Spring 2019 Marine Debris Program Educator Newsletter

NOAA Marine Debris Program 

Educator Newsletter

NOAA Web Logo
Child's drawing

2018 Marine Debris Art Contest Winner Mia C., Grade 8, Texas

Spring 2019

Welcome to the NOAA Marine Debris Program's quarterly Educator Newsletter!

Let us know what you think!

We are always happy to receive feedback on our marine debris resources so that we can ensure we produce useful content for educators. Feel free to reach out to let us know what you think! 

What’s working for you? What new resources would you like to see? 

Let us know by emailing: marinedebris.education@noaa.gov


2019 calendar cover.

2019 Calendars Available

The NOAA Marine Debris Program's 2019 Marine Debris Calendar is now available for download.  Limited hard copies are also available, email marinedebris.web@noaa.gov if interested.

This calendar features the winners of last year's art contest and serves as a reminder to be the solution to marine debris everyday!

Regional Collaboration Portals

Region-specific education resources can be found on the the Marine Debris Program's regional collaboration portals. 

Developed in collaboration with regional partners in the Great Lakes, this tool is currently active in the following regions:

What is Marine Debris poster.


Check out some of our many other marine debris resources, including posters, activities, videos, and curricula.

Want to hear more from the NOAA Marine Debris Program? Follow us on:

Facebook logo.


Twitter logo.


Instagram logo.


NOAA logo.

Website & Blog

Featured Lesson

Students watching an activity in the classroom.

Students in this classroom learn to sort different types of debris (Photo Credit: NOAA)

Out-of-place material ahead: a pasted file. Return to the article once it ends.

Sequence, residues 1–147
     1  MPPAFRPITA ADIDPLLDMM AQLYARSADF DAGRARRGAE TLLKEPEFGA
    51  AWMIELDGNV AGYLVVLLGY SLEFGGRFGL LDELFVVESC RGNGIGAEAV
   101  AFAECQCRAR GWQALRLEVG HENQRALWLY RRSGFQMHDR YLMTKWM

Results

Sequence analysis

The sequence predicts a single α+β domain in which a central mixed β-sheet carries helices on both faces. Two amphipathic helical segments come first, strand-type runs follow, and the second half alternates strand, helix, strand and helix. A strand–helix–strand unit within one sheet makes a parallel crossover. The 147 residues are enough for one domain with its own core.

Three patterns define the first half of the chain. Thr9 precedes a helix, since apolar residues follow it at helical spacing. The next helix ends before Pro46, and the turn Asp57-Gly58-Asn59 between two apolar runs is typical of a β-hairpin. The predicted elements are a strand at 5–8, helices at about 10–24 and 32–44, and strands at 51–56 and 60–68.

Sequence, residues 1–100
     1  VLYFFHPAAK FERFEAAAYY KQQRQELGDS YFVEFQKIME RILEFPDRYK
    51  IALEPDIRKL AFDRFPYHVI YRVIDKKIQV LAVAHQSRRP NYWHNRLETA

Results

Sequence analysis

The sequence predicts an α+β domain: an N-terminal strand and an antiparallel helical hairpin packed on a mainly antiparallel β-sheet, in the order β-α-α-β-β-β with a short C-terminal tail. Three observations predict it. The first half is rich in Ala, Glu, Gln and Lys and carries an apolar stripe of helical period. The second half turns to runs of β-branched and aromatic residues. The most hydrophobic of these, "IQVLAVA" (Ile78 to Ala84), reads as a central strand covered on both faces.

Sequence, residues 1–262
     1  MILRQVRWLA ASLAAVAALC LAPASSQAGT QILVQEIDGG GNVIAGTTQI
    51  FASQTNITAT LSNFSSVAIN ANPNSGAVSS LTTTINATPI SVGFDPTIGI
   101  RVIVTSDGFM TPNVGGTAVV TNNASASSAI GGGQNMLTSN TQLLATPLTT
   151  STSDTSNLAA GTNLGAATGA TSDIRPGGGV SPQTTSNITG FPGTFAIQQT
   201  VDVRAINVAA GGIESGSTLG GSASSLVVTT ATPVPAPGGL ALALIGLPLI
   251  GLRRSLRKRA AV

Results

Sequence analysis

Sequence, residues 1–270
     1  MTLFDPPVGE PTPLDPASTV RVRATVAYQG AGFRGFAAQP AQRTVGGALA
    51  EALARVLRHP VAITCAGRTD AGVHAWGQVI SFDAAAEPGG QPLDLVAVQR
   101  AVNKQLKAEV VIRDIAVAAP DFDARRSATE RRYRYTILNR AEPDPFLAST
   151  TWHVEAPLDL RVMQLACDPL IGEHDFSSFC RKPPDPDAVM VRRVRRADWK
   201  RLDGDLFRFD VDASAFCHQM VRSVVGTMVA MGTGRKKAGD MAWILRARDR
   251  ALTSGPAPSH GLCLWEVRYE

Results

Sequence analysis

Turning the Tide on Trash: Trash Traits

Grade Level: 1-6

Time: 40 minutes

In this interactive lesson, Students perform experiments to examine whether or not trash can float, blow around, or wash away. This helps students understand how marine debris gets into our ocean and Great Lakes and what they can do about it. 

Check out all the lessons in the Turning the Tide on Trash curriculum

Featured Project

Students dissecting a plush sea turtle.

The simulated insides of this sea turtle plush help students understand the effects of marine debris on wildlife. (Photo Credit: Jan Rickey, Rachel Freeman School of Engineering)

UNCW MarineQuest Turtle Trash Collectors

One of the NOAA Marine Debris Project's newest projects is leveraging students’ fondness for sea turtles and encourage behavior changes that will reduce their generation of marine debris in the future. The University of North Carolina MarineQuest, with the support of a NOAA Marine Debris Prevention Grant, created the Turtle Trash Collectors (2TC) program. Through the program, students get to participate in a hands-on simulation of a sea turtle necropsy, or animal dissection, and earn badges to develop good habits. 

Learn more about this project on our website.

Professional Development

Debris on the shore of a lake.

Marine debris isn't just in the ocean. This debris is on the shores of the Great Lakes. (Photo Credit: NOAA)

Marine Debris Webinar for Educators

Want to learn more about marine debris and plastic pollution in the Great Lakes? Curious about what educational resources are available? Join us for a one hour webinar. Experts will be sharing up-to-date information on the problem and presenting resources that can be used in the classroom or at other venues! All lessons are aligned with Next Generation Science Standards.

Open to all formal and informal educators.

Lessons geared towards 5-9th grade audience.

April 3, 2019 3:30-4:30 EST

Please RSVP to sarah.lowe@noaa.gov by April 2, 2019

Featured Blog Post


This sample of plastics collected from the Gulf of Mexico also contains life. Animals all over the ocean and Great Lakes are consuming and excreting plastics. (Photo Credit: NOAA)

The Smelly Science of Tracking the Movements of Microplastics

Where does plastic go once it enters the ocean? This is a harder question to answer than it may seem. When we think of plastic pollution, most of us think of large pieces of plastic floating at the surface of the ocean, but that’s only a piece of the puzzle. Recent research is revealing that microplastics are being moved not just by currents and weather, but by animals through their digestive tracts.

Read the rest of the story here.